Jimi Crayon gets playful with American Express
Companies as iconic as American Express are firm in their brand identity. In their 160-year history, AmEx has fostered a reputation as being a serious financial institution that offers leverage into financial security and responsibility. They represent a rite of passage. The first green card is a ticket to financial maturity, and a first step into adulthood. But that doesn’t mean they can’t have a little fun.
This season AmEx, through the agency Alldayeveryday, tapped a bunch of artists to reinterpret their classic cards in their Card Art series. Jimi Crayon was one of those artists, and he worked with one of the most established brands in the world. Each card retains Jimi’s signature hand drawn style, with scrawled lines, interspersed between the evolving sophistication of other elements. Each card almost represents a stepping-stone for that portion of life where one might hold that card. As Jimi says, “you end up with a subtle evolution from light-hearted and fun to photographic to classic.“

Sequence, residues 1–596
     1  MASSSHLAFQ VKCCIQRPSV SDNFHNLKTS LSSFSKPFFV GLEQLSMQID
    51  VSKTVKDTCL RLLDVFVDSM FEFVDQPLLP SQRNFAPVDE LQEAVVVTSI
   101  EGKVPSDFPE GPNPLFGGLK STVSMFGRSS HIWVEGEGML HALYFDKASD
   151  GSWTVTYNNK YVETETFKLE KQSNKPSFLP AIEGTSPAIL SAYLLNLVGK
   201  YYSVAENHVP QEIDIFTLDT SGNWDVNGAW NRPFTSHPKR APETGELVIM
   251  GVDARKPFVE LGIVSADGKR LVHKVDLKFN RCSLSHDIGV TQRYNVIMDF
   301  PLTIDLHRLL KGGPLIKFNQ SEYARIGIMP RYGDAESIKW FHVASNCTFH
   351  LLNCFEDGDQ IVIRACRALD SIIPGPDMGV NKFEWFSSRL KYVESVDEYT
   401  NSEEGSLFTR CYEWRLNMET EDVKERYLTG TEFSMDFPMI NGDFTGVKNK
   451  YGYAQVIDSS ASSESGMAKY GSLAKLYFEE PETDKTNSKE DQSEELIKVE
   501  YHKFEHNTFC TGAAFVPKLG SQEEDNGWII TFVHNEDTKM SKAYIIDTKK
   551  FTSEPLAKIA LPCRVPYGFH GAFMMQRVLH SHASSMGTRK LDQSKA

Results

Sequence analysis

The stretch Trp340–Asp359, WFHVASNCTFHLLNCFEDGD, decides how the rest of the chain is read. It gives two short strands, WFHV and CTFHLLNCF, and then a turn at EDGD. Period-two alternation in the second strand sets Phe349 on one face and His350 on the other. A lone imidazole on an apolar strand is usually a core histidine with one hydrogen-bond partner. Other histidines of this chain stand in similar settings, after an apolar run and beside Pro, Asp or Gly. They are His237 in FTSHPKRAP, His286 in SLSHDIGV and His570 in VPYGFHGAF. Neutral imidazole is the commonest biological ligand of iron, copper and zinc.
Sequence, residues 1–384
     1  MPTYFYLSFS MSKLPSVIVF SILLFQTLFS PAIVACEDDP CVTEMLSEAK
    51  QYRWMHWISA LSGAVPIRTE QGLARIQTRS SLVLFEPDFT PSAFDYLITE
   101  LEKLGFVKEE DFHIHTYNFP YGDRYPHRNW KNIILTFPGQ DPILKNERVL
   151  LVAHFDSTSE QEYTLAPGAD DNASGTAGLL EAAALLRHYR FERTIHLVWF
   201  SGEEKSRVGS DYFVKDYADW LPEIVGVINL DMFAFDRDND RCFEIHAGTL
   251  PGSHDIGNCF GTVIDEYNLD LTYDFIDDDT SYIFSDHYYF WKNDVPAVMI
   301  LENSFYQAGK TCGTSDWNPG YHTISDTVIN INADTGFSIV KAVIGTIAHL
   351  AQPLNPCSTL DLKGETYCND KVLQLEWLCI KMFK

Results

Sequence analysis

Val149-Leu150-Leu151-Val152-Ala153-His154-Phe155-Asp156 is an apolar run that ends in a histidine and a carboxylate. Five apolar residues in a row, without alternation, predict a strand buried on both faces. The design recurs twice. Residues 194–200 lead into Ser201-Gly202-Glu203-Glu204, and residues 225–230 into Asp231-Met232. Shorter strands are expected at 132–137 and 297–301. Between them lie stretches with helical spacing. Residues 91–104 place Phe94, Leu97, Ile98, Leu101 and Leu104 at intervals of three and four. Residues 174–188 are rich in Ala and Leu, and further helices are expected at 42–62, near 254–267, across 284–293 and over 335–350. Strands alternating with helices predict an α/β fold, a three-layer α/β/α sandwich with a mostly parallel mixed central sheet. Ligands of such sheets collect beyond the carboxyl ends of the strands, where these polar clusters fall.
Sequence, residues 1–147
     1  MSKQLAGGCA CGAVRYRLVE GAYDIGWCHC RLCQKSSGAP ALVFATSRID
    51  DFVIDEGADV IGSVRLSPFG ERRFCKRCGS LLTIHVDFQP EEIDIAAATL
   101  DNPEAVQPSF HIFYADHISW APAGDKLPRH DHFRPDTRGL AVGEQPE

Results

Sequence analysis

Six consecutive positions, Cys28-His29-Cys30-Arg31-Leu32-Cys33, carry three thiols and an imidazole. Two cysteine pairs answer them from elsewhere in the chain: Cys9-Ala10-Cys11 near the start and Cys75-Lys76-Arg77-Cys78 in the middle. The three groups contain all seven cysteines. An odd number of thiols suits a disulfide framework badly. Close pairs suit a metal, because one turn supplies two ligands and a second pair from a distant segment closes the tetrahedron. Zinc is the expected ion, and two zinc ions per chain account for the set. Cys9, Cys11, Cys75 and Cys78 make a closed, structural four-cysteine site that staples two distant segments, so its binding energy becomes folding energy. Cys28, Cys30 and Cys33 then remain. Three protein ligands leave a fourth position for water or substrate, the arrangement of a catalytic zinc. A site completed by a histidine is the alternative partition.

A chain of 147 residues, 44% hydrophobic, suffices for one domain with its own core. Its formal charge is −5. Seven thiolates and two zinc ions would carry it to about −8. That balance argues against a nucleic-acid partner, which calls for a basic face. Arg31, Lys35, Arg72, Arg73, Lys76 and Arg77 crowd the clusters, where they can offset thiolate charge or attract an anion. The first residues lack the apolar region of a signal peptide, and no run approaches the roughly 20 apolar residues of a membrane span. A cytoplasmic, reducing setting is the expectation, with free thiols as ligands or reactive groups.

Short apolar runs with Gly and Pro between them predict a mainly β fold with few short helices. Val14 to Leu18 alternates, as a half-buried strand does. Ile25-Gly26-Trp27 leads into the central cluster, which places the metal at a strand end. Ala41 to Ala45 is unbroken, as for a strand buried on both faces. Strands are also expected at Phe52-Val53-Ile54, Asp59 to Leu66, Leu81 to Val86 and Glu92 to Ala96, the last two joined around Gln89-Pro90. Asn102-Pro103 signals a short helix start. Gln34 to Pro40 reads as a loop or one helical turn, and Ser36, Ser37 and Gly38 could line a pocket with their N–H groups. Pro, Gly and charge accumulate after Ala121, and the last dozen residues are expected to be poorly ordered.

First, in the green card, we have drawn donuts and hotdogs, showing a fun, carefree nature. The gold card has crisp, angular diamonds for a smoother feel. Finally, the platinum card features the timeless opulence of photographed flowers; images of a life well lived. “The word Platinum evokes feelings of modern prestige, so I knew I wanted to end up with something clean, classic, and almost luxurious”
It’s not every day a brand like AmEx reaches out for a fresh take on their timeless products. “Working closely with a company like AmEx to create something special is obviously a dream,” Jimi says. “It feels great to be given that kind of trust and respect.” That kind of freedom and respect is rare when working on that level. It’s a credit to American Express that they’re willing to reach out to the creative community to help inject a new kind of energy and recontextualize their identity. “It’s great to see a 160-year old company continuing to innovate and doing something a little different,” says Jimi. “It’s quite amazing that they’ve invited artists to help reinterpret them.”